Germans approach church

On turn 2 the Germans win initiative. Their sniper can’t see the sergeant as he is just hidden by the rear corner of the church, but he can see the man in the open behind him. The British sergeant ignores the sniper, and declares he will run to the front corner of the church and fire at the Germans on the road (move reduced to 15cm from 20cm for firing). The sniper wins priority and KIAs the British trooper with 4D6 against 1D6 (for running) – 21 v 1 is a sure kill. The British sergeant has a sten with a ROF of 3 so will get 3 rolls, but only gets his basic 3D6 (as the range is between 20cm and 40cm)  plus VT. The closest German will get 3D6 (1 for running, 1 not in LOS when order given & 1 because firer moved) – 3 opposed rolls produce no hits.

Missed!

The German who was targeted declares he will jump the wall behind him to get into cover then return fire at the sergeant, the British sniper says he will fire at this German after he has jumped the wall and the German LMG says it will target the sniper before he fires. The roll-off gives the LMG priority over the sniper, and after it succeeds in spotting him, it has the luxury of 6 shots at him. The first one pins him, but second shot misses and turns up triple 3 – an out of ammo result. With no loader, the LMG will have to reload as an action next turn, but it has pinned the sniper so he loses his shot at the German crossing the wall. When he gets behind the wall, the German fires at the British sergeant, getting +1D6 for range against the 3D6 defence for move & fire (1) and hard cover (2). The German rolls well and the British doesn’t, so the sergeant is pinned.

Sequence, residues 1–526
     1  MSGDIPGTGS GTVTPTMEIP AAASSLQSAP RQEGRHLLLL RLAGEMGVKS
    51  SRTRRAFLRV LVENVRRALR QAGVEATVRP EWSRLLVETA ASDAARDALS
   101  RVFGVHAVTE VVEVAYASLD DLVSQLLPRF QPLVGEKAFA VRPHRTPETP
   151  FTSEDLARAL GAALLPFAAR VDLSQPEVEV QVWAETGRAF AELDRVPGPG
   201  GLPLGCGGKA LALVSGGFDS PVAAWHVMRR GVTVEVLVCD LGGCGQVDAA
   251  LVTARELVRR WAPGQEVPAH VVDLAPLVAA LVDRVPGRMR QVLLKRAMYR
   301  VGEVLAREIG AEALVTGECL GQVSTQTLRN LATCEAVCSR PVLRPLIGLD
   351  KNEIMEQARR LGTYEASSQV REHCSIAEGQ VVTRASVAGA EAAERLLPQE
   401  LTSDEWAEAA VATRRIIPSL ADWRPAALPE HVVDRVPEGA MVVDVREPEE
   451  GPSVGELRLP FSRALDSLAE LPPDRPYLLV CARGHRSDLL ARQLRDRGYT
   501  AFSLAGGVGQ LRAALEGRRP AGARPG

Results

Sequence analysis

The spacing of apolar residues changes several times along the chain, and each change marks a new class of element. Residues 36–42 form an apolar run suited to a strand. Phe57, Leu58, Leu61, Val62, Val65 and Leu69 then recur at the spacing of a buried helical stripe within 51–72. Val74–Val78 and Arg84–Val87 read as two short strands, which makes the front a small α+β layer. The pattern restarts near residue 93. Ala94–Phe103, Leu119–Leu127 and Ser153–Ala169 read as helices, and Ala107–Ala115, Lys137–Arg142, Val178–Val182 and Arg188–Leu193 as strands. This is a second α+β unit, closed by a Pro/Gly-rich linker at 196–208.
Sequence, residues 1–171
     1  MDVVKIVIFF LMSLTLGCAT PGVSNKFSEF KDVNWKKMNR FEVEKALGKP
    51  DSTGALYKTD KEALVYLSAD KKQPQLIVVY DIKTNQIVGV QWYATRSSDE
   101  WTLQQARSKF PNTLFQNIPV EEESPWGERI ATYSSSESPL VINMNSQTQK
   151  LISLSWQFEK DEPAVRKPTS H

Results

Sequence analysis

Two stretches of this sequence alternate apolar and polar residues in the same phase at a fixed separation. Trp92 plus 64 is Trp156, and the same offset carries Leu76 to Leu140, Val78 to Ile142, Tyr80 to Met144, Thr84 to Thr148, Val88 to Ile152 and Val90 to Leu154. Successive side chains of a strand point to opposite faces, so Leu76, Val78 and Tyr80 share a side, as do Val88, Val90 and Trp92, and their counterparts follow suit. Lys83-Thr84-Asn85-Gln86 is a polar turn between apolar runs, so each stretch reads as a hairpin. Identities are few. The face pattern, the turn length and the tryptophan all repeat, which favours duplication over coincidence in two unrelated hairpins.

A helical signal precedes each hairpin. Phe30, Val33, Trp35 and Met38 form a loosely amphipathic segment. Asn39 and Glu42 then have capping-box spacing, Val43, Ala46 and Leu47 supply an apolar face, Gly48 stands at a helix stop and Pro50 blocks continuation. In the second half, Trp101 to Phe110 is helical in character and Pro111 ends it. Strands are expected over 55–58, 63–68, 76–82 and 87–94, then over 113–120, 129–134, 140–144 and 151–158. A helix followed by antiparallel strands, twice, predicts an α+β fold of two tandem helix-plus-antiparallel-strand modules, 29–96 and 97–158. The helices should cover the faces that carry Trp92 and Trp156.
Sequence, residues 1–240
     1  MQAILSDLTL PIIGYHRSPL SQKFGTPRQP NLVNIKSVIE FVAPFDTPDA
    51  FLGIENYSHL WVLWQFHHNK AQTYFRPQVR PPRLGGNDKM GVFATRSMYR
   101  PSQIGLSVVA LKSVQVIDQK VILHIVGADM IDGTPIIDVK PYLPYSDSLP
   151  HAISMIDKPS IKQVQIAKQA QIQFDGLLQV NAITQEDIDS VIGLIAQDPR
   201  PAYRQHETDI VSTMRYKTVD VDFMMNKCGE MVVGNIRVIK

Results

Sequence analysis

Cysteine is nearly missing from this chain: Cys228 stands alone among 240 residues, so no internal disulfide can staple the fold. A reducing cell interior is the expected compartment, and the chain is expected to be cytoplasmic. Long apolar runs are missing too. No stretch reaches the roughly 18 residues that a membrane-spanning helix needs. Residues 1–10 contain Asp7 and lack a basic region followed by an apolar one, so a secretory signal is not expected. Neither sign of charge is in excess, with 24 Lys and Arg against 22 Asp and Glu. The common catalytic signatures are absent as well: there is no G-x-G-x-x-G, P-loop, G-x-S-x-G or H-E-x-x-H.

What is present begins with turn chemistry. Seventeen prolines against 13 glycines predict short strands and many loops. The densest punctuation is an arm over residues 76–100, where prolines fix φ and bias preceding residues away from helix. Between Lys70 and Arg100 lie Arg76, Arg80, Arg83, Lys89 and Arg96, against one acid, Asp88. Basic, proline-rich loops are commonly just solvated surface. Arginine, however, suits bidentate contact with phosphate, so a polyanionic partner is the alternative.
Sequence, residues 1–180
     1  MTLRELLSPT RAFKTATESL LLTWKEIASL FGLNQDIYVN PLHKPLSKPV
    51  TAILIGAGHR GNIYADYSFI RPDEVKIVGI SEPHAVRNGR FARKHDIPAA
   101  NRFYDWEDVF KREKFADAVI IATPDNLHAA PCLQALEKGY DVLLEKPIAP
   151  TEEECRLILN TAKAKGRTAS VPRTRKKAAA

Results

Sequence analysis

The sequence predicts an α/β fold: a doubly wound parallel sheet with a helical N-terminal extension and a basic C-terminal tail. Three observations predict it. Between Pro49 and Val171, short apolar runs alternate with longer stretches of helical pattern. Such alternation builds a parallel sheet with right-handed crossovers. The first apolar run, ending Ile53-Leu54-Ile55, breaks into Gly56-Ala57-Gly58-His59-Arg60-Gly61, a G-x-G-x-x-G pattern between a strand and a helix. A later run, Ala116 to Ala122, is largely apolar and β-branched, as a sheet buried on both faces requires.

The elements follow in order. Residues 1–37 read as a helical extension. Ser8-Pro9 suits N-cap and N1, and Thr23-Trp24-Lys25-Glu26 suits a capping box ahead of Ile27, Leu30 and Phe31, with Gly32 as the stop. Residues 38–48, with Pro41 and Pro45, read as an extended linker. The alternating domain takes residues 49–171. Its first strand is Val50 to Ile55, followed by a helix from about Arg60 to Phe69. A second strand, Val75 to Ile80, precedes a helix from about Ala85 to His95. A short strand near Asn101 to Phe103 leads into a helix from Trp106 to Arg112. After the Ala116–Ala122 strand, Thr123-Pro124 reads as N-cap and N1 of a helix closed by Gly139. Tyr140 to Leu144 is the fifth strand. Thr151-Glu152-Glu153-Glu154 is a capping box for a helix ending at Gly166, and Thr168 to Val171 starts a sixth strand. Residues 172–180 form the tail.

Sitting duck